The success of tech companies and startups increasingly depends on the industry that allows them to reach customers -- wireline and wireless Internet access providers.
But AT&T's aggressive proposal to takeover T-Mobile could have not a ripple, but a tsunami impact on businesses in the Internet ecosystem -- and ultimately the economy. Unless antitrust authorities in Washington step up to block this anti-competitive merger, the nation would go backwards to 1993 -- when we had two big wireless carriers.
History is clear: before the Department of Justice split up Ma Bell in 1984 for blocking competitors, AT&T delayed any innovation disrupting its business model -- including fax machines, cellular technology and the Internet itself.
It's ironic that AT&T is proposing to reassert dominance over the very business it once delayed -- wireless phone and broadband service. Businesses from mobile applications to handsets would need to seek permission to innovate from either AT&T or Verizon in sort of game of "mother (or Ma) may I?"
The proposed AT&T merger is a threat to the business model and shareholder value of every mobile Internet startup and emerging player expecting open access to the wireless Internet. Past innovations like the Android phone may not have been introduced if the wireless market was a duopoly. Industry leaders need to speak up.
Apps makers already spend considerable time and expense in technical qualifications before they can be seriously considered to run on a carrier's network. With less competition in the wireless Internet space, they will find themselves in shotgun weddings with either AT&T or Verizon, holding representation deals for the apps to be available exclusively to one carrier.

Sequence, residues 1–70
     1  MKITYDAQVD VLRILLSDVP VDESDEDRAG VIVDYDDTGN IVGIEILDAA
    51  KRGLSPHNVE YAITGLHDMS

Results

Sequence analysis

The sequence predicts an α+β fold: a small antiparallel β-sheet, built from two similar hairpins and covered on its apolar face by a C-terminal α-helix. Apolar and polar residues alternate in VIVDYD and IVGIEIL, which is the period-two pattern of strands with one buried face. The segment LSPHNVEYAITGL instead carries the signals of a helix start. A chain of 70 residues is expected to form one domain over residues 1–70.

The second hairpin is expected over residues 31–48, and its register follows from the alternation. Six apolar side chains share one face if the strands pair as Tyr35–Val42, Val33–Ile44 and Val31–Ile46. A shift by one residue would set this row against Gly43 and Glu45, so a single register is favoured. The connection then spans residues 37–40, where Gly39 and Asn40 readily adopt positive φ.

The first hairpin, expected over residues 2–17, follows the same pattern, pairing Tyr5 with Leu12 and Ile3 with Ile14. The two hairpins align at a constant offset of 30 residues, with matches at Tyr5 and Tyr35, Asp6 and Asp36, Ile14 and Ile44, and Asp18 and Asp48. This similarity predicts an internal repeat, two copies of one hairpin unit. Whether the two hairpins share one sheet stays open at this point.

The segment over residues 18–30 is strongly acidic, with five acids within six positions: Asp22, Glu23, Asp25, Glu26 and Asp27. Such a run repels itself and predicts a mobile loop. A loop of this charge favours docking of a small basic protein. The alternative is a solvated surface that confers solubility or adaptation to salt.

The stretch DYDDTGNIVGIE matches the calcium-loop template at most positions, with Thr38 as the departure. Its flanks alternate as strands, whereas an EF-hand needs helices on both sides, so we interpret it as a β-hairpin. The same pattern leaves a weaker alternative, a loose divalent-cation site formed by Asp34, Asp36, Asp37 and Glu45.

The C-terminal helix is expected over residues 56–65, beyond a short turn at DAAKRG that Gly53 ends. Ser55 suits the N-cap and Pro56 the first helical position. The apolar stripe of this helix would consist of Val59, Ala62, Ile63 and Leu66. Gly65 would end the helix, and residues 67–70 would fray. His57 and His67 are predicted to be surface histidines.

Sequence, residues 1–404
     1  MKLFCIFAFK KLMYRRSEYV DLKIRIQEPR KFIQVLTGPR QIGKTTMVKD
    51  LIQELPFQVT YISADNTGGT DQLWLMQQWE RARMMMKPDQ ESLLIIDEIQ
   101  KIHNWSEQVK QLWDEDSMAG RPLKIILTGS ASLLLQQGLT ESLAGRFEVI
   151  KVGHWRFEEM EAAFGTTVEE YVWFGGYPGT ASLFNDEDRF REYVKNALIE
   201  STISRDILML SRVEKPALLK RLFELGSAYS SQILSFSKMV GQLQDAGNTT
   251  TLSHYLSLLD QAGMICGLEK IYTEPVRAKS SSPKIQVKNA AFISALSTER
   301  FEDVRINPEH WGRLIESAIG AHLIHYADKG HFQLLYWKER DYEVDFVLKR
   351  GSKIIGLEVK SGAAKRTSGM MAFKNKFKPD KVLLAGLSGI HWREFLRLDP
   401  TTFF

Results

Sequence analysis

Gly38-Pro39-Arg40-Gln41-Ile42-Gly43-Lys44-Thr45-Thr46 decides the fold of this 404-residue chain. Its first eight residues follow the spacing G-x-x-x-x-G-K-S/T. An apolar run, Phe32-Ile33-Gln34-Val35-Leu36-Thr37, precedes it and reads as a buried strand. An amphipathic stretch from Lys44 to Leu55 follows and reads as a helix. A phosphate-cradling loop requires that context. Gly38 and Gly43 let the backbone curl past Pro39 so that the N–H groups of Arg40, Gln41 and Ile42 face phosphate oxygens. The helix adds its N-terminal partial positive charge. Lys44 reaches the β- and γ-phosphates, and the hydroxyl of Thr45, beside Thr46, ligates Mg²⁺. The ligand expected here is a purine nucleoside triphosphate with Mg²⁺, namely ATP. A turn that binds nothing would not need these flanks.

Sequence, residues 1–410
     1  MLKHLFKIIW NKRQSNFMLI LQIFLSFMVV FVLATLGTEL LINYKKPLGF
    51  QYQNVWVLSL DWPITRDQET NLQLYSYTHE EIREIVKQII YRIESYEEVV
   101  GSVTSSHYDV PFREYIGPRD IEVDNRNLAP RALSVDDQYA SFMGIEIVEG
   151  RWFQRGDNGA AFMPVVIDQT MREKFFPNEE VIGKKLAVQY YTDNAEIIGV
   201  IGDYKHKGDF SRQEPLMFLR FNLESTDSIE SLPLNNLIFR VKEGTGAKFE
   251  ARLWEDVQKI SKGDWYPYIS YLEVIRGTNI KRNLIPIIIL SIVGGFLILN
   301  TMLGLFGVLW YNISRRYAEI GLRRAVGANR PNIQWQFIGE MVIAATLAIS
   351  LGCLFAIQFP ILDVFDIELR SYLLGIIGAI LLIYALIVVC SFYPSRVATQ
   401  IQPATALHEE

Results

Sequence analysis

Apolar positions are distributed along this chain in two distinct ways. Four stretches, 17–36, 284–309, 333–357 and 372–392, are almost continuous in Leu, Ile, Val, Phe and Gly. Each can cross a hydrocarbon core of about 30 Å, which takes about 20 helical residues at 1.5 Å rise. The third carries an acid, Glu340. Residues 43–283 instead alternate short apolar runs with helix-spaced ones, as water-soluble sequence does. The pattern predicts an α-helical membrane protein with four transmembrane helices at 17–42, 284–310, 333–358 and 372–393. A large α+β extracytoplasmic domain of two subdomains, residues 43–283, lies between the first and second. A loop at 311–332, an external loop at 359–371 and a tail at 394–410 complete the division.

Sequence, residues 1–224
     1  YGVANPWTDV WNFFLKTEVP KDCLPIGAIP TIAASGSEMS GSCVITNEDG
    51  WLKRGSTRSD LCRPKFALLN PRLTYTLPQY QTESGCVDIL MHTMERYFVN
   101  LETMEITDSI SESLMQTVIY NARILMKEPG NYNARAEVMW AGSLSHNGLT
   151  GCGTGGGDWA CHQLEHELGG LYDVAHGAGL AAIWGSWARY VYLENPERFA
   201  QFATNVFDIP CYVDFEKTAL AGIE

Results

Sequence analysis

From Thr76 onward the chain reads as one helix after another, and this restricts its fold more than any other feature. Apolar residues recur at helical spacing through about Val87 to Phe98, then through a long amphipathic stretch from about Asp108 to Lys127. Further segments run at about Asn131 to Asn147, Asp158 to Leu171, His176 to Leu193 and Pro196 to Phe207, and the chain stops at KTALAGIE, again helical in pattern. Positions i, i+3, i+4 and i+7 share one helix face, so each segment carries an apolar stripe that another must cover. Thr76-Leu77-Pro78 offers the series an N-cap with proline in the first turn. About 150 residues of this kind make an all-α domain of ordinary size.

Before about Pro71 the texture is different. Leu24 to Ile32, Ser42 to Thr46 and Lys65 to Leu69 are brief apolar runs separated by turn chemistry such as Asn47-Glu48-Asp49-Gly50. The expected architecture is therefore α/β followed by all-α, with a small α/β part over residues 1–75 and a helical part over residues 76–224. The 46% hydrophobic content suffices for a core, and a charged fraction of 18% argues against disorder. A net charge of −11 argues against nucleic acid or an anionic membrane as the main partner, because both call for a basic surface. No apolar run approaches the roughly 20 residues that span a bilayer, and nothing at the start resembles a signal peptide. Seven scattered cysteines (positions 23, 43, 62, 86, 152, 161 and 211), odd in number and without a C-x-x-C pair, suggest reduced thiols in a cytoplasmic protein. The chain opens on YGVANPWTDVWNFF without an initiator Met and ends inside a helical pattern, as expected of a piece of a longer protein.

Handset makers may need to offer AT&T and Verizon the best, newest innovations exclusively. Without similar offerings, Sprint, smaller carriers and newer wireless network entrants will fall further behind.
Before LinkedIn's public offering in May, its Securities and Exchange Commission filing listed reasons the business could falter. It noted that as more people access the Internet online, "our business could be adversely affected" if LinkedIn were blocked from a device, or users didn't like the company's mobile app.
Another key risk for tech companies tied to this auction is it would delay overall solutions to the "spectrum crunch." The coming spectrum crunch would make it harder for customers to access mobile apps and content they want.
AT&T or Verizon can use spectrum as a reason to block apps that they claim use too much spectrum. AT&T initially intended to block YouTube from the iPhone, but Steve Jobs' power of persuasion broke the impasse.
The proposed takeover would give AT&T significantly more spectrum than any other carrier. Thus, the least efficient network would control the greatest concentration of wireless spectrum resources. The company has warehoused much of its spectrum -- instead of innovatively building out more capacity for more customers.
The future ability of tech companies here to reach customers across the Internet will be significantly impacted by the FCC and the Justice Department's decision in Washington to approve or deny the merger. We need our industry's leaders to not let ignorance, apathy, timidity or parochial miscalculation lull them into silence during this critical economic crossroads for our industry -- and the nation's economy.